Early Communication and Language

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Early Communication and Language


Listening and Attention


(Receptive Language)


(Expressive Language)

Social Communication

Bilingual considerations



Turns toward a familiar sound then locates range of sounds with accuracy.

Listens to, distinguishes and responds to intonations and sounds of voices.

Quietens or alerts to the sound of speech.

Fleeting Attention – not under child’s control, new stimuli takes whole attention.

Stops and looks when hears own name. (by 12 months )

Gradually develops speech sounds (babbling) to communicate with adults; says sounds like ‘baba, nono, gogo’. (by 11 months )

Gazes at faces and copies facial movements, eg. sticking out tongue.

Concentrates intently on faces and enjoys interaction.

Uses voice, gesture, eye contact and facial expression to make contact with people and keep their attention. (by 12 months )

Some children will be exposed to two languages from birth. They are known as Simultaneous bilinguals.
Simultaneous bilingual children

- start to show signs of understanding words from the age of four months onwards. They usually learn to respond to their name first.

- start to babble in what sounds like nonsense words when they are about 6 to 7 months of age (Cruz-Ferreira, 2006; Pearson, Navarro, Oller, & Cobo-Lewis, 2010). Although some elements of babbling may sound like one language and others like another, babbling is not clearly linked to a particular language (Pearson et al., 2010).

8-20 months

Concentrates intently on an object or activity of own choosing for short periods.

Pays attention to dominant stimulus – easily distracted by noises or other people talking.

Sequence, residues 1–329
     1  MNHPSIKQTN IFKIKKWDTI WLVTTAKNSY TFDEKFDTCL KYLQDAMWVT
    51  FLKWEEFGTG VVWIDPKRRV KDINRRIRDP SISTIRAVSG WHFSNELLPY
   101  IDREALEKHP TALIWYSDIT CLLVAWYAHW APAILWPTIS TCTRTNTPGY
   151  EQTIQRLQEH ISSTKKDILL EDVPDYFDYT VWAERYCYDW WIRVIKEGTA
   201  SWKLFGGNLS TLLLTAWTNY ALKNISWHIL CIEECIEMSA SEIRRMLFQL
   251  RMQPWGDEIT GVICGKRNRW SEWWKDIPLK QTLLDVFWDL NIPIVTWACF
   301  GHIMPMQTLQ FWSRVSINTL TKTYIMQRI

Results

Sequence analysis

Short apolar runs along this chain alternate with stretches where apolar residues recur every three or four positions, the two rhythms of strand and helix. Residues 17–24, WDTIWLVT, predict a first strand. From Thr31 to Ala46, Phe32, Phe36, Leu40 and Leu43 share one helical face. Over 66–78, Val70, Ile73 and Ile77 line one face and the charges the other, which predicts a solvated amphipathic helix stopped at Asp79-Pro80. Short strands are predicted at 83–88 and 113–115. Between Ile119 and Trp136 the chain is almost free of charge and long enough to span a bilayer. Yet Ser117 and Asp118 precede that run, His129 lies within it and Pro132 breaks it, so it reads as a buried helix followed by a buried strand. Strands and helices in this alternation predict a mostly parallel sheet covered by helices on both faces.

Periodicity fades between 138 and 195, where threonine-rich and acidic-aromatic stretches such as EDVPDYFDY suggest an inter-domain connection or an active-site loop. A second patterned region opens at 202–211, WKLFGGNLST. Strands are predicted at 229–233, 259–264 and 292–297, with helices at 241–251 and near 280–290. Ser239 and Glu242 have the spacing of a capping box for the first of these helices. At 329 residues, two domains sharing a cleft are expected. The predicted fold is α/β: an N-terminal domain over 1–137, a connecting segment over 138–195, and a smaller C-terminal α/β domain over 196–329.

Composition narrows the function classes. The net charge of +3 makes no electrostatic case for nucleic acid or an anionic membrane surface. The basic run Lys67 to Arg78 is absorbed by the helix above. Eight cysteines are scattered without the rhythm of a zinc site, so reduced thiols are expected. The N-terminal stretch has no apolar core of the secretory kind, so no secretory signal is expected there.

Moves whole bodies to sounds they enjoy, such as music or a regular beat.

Has a strong exploratory impulse.

Responds to the different things said when in a familiar context with a special person (e.g. ‘Where’s Mummy?’, ‘Where’s your nose?’).

Understanding of single words in context is developing, e.g. ‘cup’, ‘milk’, ‘daddy’

Uses single words. (by 16 months )

Frequently imitates words and sounds.

Enjoys babbling and increasingly experiments with using sounds and words to communicate for a range of purposes (e.g. teddy, more, no, bye-bye)

Likes being with familiar adult and watching them. Developing the ability to follow an adult’s body language, including pointing and gesture.

Learns that their voice and actions have effects on others.

Uses pointing with eye gaze to make requests, and to share an interest. (by 18 months )

Simultaneous bilingual children

- can understand as many as 250 different words in total, (that is, in both their languages combined) by the age of 13 months.

- say their first words between the ages of 8 and 15 months (De Houwer, 2009b).

- may start out saying words only in a single language, or in both.